What is it?
Vauxhall has in effect given its Adam city car the VXR treatment, adding a turbocharged 1.4-litre petrol engine, a subtle bodykit and larger 18-inch alloy wheels to create what it's calling the Grand Slam.
First seen in pre-production form at the Geneva motor show last year, this latest performance Vauxhall is claimed to be capable of reaching 62mph from rest in 8.5sec and has a top speed of 124mph. It'll go on sale in the UK this March, priced from £16,995.
As well as the extra grunt from the engine - which delivers 50 per cent more power and 70 per cent more torque than the normally aspirated 1.4-litre unit already found in the Adam - Vauxhall has also dropped weight from the model, fitting a cast iron engine block, hollow-cast camshafts and a plastic intake manifold. The result is a kerb weight of 1178kg, which is still 58kg heavier than the Adam Slam.
The Grand Slam also receives uprated springs and dampers, and VXR brakes taken from the previous generation of Corsa VXR.
Vauxhall has pulled no punches in identifying its target, saying the Adam Grand Slam has its sights "firmly set" on Fiat's 595 Turismo - but there's also the excellent Fiesta ST to contend with.
Although the normal Adam has sold 125,000 units in Europe since its market introduction in 2013, Vauxhall is under no illusions that this range-topping Grand Slam model will be a niche choice, with sales forecast at just 750 units per year.
What's it like?
Despite what may seem like modest changes made to the Adam, Vauxhall's engineers have managed to turn this usually docile city car into a passable warm hatchback. It's no Fiesta ST, sure, but the Adam Grand Slam is both engaging and enjoyable to drive.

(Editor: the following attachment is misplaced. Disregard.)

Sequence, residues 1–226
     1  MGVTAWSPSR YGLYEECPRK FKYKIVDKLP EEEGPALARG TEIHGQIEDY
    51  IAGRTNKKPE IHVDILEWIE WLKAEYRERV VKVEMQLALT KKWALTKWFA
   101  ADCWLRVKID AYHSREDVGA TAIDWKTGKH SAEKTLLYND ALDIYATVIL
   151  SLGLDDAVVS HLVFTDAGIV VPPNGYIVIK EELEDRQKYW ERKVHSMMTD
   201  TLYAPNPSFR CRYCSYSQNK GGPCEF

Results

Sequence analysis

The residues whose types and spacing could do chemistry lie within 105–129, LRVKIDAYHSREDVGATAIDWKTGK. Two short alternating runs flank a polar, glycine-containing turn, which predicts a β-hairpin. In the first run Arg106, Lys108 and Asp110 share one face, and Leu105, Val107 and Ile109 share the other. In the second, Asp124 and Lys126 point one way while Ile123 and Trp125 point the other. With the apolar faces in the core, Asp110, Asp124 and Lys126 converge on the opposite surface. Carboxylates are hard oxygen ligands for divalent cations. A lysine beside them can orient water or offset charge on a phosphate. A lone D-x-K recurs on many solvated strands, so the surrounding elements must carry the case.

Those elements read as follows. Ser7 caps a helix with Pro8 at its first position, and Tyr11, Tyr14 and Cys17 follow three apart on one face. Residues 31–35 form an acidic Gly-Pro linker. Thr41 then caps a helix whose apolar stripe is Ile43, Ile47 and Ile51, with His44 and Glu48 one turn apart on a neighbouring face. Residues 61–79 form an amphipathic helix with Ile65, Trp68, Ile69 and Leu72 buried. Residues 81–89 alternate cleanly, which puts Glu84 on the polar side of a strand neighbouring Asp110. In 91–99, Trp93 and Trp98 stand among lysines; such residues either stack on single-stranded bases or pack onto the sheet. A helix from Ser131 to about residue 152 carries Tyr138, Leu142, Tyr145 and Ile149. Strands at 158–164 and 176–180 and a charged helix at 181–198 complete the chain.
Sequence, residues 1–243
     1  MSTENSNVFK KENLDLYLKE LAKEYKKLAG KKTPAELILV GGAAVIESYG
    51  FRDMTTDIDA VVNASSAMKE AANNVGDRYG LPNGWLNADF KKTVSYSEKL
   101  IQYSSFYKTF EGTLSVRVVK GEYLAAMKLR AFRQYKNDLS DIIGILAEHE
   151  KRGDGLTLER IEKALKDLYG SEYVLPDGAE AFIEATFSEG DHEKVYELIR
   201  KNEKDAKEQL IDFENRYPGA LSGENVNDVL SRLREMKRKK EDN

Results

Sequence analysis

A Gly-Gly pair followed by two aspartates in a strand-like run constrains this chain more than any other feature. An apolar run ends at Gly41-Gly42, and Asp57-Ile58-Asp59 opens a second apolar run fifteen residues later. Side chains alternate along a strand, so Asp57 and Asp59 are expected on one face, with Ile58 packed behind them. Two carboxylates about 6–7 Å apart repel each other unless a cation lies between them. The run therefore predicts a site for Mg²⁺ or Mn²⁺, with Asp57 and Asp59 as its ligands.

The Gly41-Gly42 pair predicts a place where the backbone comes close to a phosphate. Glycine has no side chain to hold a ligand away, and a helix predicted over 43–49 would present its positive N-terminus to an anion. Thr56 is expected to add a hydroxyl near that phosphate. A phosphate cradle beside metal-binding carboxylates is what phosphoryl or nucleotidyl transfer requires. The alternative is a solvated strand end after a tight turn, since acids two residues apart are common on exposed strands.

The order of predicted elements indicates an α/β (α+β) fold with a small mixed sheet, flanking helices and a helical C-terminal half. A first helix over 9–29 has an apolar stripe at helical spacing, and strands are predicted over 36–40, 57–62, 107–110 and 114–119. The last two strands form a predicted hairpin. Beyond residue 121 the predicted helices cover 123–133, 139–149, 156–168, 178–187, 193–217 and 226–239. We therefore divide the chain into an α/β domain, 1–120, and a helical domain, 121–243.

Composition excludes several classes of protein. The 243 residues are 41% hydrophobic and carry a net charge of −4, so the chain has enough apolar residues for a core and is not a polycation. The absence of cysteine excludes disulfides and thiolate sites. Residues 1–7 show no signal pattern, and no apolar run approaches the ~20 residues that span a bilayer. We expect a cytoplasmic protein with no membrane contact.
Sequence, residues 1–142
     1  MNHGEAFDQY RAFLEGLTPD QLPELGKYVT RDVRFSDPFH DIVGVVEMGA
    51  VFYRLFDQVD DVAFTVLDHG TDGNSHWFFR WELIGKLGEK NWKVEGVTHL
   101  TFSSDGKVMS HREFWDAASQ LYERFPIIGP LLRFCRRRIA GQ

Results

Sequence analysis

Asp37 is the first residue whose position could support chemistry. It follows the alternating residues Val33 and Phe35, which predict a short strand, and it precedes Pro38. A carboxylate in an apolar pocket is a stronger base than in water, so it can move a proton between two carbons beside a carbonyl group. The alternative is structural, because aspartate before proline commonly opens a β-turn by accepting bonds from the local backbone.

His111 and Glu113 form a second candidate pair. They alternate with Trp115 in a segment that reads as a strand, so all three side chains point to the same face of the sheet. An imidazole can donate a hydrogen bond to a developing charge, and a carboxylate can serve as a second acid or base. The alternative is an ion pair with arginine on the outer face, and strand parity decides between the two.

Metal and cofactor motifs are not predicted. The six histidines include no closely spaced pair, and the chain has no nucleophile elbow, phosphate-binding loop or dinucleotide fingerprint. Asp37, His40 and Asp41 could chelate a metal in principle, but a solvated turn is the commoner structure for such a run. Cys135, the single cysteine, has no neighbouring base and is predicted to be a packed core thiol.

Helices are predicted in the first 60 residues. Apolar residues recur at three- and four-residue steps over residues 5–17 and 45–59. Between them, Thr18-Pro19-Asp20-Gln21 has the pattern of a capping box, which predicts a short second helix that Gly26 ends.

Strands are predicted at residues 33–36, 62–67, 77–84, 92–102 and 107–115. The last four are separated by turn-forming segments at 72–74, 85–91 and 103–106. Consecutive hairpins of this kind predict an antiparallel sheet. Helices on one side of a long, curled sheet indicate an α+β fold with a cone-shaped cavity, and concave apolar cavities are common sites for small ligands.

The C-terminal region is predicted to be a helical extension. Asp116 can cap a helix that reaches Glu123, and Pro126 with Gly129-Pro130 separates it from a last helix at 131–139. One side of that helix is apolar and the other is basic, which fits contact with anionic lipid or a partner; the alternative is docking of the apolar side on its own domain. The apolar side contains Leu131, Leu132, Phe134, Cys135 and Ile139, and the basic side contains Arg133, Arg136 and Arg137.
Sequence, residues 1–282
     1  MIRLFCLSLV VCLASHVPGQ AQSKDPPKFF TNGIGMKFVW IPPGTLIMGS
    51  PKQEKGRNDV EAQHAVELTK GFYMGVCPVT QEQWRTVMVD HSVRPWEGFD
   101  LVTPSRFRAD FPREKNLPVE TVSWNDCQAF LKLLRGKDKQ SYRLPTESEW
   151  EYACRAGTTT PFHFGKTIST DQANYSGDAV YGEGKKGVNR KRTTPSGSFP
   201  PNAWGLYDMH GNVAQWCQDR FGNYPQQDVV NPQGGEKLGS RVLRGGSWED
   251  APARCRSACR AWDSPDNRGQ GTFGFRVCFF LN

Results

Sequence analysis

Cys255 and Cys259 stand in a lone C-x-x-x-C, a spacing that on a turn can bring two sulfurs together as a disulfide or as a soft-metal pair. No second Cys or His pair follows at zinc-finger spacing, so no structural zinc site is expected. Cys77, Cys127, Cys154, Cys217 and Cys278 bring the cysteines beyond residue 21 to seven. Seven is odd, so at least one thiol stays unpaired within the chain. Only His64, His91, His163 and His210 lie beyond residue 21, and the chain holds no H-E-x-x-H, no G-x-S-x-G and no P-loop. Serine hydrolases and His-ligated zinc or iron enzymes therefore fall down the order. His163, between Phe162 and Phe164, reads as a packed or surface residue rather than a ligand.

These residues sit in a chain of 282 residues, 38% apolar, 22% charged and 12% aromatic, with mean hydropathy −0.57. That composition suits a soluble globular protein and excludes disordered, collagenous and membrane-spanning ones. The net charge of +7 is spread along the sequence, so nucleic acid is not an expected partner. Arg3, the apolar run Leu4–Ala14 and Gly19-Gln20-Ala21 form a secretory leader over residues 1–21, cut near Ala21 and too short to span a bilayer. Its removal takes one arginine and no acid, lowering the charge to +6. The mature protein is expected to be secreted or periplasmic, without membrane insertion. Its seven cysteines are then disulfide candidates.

On the mountain roads surrounding Lisbon in Portugal, the Grand Slam felt agile and sporty. The exhaust emits a psuedo-performance drone which is pleasing above 3000rpm, which just happens to be the sweet spot at which the newly turbocharged 1.4-litre engine comes into its own.
There's no excess of horsepower here - remember, only 148bhp is on offer - but it's delivered smoothly and precisely. The six-speed manual transmission takes some getting used to, but on the whole the combination works well.
Vauxhall engineers have retuned the standard Adam's chassis and fitted uprated springs and dampers, so it's perhaps no surprise to find that the Grand Slam handles well on a variety of road surfaces, while its steering is both light and accurate.
The powertrain responds well to hard inputs - this is an engine which likes to be pushed, it seems - with the result that this is a car which feels truly engaging, and especially so close to its limit. For the ultra-keen driver, the ESP system can also be turned off, but not entirely. There's a 'safety net' system which keeps things in control.
For cruising about town, the Adam Grand Slam offers a well judged ride, which isn't too firm, and a comfortable interior. Some of the material choices inside may be a little too stylistic for some, and there are still too many hard plastics in there for our liking, but the cabin does a good job of looking suitably sporting.